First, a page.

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Buying the TV News: Why You Can't Trust the News on TV

For most Americans (75 percent), local TV news represents a reliable news source -- something to turn to every morning and evening to get a good grip on what's going on in your area of the world and beyond. So trusted is the TV news that over 70 percent of U.S. adults watch network TV or cable news on a daily or near-daily basis, according to a Harris Poll from January 2006.

But the real disturbing news? Commercial propaganda, also known as "fake TV news" or "Video News Releases" (VNRs), is being aired all over the country -- on the smallest to the largest networks -- as real, journalistic news -- and without the public's knowledge.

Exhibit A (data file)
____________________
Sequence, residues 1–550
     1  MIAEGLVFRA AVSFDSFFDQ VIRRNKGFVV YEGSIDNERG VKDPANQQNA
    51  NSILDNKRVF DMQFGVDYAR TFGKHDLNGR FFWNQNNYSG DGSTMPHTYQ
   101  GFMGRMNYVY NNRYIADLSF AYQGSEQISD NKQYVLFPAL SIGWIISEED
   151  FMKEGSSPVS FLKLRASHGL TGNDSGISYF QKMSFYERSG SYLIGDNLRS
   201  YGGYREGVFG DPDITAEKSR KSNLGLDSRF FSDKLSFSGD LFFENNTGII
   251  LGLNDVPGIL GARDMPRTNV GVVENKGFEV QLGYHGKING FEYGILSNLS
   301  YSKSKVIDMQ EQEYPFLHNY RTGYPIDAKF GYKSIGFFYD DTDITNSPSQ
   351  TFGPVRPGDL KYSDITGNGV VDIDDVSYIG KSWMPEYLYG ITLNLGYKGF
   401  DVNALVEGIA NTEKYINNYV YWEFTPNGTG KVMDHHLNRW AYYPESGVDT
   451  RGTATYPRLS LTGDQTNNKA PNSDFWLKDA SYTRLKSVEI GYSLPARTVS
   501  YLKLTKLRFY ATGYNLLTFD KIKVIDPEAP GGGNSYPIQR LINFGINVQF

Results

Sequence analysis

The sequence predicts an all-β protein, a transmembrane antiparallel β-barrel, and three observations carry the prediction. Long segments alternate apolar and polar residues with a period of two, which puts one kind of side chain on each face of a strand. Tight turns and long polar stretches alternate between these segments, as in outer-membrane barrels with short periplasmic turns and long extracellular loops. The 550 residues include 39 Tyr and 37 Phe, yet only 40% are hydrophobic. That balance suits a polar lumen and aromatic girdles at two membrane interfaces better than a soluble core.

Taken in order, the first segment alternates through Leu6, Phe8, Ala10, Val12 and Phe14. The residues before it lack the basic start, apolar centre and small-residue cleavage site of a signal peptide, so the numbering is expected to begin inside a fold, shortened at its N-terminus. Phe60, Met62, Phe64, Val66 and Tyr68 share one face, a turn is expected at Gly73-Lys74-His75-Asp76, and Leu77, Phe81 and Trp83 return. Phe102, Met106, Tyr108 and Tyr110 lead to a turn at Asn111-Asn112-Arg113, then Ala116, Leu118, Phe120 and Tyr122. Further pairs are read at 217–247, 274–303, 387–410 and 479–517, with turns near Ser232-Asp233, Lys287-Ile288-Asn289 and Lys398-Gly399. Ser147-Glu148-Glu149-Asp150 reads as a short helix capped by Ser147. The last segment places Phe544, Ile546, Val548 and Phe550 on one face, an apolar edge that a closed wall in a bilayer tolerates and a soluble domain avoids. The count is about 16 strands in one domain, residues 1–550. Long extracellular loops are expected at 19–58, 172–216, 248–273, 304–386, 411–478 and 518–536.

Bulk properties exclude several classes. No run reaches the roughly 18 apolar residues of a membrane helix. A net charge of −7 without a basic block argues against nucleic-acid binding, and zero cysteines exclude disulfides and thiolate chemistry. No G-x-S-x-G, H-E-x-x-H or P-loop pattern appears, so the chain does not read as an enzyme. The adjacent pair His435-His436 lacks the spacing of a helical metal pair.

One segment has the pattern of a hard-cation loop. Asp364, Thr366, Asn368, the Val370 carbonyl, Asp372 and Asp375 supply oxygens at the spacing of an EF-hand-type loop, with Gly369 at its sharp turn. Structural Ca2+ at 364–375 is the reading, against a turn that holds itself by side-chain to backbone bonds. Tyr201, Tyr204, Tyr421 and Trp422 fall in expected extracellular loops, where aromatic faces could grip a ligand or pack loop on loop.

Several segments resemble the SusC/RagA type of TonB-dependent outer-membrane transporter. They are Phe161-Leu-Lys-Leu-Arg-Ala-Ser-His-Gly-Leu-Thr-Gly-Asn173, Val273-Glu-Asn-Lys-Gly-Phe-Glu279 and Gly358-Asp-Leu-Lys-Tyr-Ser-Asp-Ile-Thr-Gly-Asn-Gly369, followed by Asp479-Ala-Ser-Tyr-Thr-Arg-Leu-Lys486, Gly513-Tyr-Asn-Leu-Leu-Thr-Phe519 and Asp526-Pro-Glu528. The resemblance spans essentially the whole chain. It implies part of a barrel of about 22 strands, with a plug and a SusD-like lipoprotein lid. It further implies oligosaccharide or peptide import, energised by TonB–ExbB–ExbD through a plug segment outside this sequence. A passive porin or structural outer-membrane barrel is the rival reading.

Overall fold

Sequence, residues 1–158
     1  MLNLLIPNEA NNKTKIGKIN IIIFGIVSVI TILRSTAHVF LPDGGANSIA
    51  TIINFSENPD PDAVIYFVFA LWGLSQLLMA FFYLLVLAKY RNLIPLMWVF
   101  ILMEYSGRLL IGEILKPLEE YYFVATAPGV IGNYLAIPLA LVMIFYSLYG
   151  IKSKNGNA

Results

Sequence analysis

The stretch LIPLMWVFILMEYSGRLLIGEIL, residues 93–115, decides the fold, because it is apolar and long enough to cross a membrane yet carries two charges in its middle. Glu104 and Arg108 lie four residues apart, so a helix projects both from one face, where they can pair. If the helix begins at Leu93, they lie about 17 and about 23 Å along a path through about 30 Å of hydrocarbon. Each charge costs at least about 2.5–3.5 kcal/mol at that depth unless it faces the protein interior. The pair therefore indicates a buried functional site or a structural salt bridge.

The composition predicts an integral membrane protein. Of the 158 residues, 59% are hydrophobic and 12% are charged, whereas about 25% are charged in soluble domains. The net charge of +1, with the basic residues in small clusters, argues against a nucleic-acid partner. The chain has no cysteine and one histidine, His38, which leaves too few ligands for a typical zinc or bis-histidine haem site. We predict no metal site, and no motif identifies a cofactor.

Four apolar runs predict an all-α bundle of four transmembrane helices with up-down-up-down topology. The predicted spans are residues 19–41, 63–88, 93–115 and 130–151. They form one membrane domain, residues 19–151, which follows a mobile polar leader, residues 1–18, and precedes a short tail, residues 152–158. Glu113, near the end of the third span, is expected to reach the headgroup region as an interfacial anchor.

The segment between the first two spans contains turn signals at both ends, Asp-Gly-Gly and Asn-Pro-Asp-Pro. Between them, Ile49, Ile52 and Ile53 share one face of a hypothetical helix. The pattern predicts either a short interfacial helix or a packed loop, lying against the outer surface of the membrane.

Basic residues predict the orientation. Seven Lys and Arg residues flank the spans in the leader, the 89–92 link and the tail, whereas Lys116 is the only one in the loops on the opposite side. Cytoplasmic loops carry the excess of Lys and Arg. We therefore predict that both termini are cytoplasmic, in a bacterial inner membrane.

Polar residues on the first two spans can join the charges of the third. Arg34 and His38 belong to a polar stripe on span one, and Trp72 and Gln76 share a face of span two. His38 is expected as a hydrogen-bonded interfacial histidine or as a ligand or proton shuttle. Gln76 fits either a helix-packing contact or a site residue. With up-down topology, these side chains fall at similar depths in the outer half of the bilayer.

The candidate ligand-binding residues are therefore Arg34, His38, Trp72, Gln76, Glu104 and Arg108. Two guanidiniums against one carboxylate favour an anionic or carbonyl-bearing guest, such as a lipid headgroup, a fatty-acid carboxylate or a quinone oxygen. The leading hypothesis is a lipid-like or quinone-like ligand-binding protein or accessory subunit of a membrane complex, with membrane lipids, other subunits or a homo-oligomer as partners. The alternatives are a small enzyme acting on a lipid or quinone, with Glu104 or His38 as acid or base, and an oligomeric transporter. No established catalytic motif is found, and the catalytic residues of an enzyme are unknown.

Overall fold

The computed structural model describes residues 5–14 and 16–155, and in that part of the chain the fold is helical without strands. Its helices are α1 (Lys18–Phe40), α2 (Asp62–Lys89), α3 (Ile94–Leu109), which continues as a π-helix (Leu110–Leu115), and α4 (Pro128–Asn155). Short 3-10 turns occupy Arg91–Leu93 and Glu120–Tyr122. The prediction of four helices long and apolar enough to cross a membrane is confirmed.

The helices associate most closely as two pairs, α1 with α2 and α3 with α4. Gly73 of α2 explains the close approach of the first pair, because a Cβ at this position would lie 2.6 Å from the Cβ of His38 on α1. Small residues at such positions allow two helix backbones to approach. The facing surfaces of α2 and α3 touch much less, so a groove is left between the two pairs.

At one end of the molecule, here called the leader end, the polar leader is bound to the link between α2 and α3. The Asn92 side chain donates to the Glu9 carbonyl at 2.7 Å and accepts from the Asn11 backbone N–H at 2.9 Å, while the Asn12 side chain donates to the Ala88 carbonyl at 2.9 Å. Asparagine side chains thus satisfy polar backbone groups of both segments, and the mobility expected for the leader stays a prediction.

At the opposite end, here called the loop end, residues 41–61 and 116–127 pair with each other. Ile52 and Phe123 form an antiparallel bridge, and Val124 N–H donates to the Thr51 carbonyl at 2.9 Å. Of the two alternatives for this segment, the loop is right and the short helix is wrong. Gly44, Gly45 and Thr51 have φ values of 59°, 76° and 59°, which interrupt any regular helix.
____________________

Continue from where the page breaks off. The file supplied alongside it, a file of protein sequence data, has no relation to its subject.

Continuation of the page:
How much of your favorite news program is actually corporate-funded propaganda?

The Center for Media and Democracy (CMD), a non-profit organization that investigates and exposes public relations spin and propaganda, exposed just how widespread the use of fake TV news has become -- and how it is being broadcast as real news -- in a new report, "Fake TV News: Widespread and Undisclosed," released in April 2006.

Meanwhile, CMD, along with Free Press, a media reform group, have filed formal complaints with the Federal Communications Commission urging an investigation into TV news fraud and requesting on-screen labeling for all VNRs and other "phony news stories."

What are VNRs?